The WHATWG was founded by individuals of Apple, the Mozilla Foundation, and Opera Software in 2004, after a W3C workshop, due to the slow development of standards from the W3C[5]. In 2017, Apple, Google, Microsoft, and Mozilla helped develop an IPR (Intellectual Property Rights) policy and governance structure for the WHATWG, together forming a Steering Group to oversee relevant policies.

What is the Steering Group? Good question. The Steering Groups job is to govern and guide the WHATWG to an open and efficient platform for the development of the HTML Living Standard. What is the HTML Living Standard? I'll get to that in a minute, as soon as I'm done with the Steering Group and WHATWG.

The following is a copy and pasted description of what the WHATWG does, and I feel it is the most concise definition so far and I could do no better in an explanation.

Living Standards are informed by input from contributors, driven by workstream participants, articulated by editors, and coordinated by the Steering Group. If necessary, controversies are resolved by the Steering Group with members appointed from the organizations that develop browser engines, as a backstop to ensure the editor's judgment aligns with what they will implement. Substantive technical objections are considered and resolved by the Steering Group, consistent with the principles of the WHATWG

Okay, back to the Living Standard. In 2007 the Steering Group proposed that the W3C HTML group adopt the WHATWG "HTML5" standard as a place to begin with their work. You can find the email proposing the adoption on this public archive. HTML5 eventually came to be known as the "HTML Living Standard" as the agreement was that it would be continuously updated indefinitely.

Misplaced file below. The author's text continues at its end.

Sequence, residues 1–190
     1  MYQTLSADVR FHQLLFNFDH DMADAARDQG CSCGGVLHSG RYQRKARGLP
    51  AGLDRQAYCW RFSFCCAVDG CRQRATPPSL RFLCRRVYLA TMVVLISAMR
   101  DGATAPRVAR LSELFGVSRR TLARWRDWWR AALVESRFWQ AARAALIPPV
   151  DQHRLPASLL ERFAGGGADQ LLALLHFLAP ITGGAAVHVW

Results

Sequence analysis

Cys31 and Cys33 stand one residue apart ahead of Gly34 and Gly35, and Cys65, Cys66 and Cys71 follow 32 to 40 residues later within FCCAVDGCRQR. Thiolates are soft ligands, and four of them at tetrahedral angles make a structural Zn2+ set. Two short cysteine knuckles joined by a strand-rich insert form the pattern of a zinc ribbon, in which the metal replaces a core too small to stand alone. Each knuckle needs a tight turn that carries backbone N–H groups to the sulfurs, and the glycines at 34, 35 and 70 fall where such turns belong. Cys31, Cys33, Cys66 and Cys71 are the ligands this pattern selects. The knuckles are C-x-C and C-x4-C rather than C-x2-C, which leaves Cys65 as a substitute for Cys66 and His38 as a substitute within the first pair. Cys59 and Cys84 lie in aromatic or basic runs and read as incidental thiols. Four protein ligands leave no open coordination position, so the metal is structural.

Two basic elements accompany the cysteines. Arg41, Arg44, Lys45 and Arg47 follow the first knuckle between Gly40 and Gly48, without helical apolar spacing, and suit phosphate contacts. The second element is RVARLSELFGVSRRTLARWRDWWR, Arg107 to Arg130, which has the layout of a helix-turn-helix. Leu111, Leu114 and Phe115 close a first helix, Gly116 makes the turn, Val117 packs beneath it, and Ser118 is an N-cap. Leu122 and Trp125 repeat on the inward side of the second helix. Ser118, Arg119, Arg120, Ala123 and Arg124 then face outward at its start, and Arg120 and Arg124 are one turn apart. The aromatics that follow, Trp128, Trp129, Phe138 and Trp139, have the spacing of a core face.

So just to recap. Living Standards are brought up by contributors (which can be anyone on the WHATWG mailing list), which are "driven" by workstream participants, which can be any entity that has agreed to the workstream agreement, but they are further articulated by "editors". Editors are designated by the Steering Group and have authority to modify a Living Standard. Any issues, conflicts, or final decisions are left lastly to the Steering Group, if need be.

There is a small "invitation-only" group, however, referred to as "Members" which has the power to impeach the editor of a specification if they deem it necessary.

Just to jump back a little. Anybody can be a contributor to the standard, including yourselves. All you have to do is to join the mailing list, follow the code of conduct, and contribute to the standard itself, which is maintained through this Github repo.

And that's how the HTML Living Standard is currently maintained and why we get to write HTML and make websites. If that was confusing to you, then you are not alone. If anything, it definitely brings to light just how young and still fragile the internet is.

I hope you enjoyed this slightly less-confusing (I hope) version of the process of current web standardization. Now that you know how it works, maybe you can help to contribute on the standard and to be a part of this constantly shifting "thing" that we call the internet.

Happy web development.

- Walt

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HTML5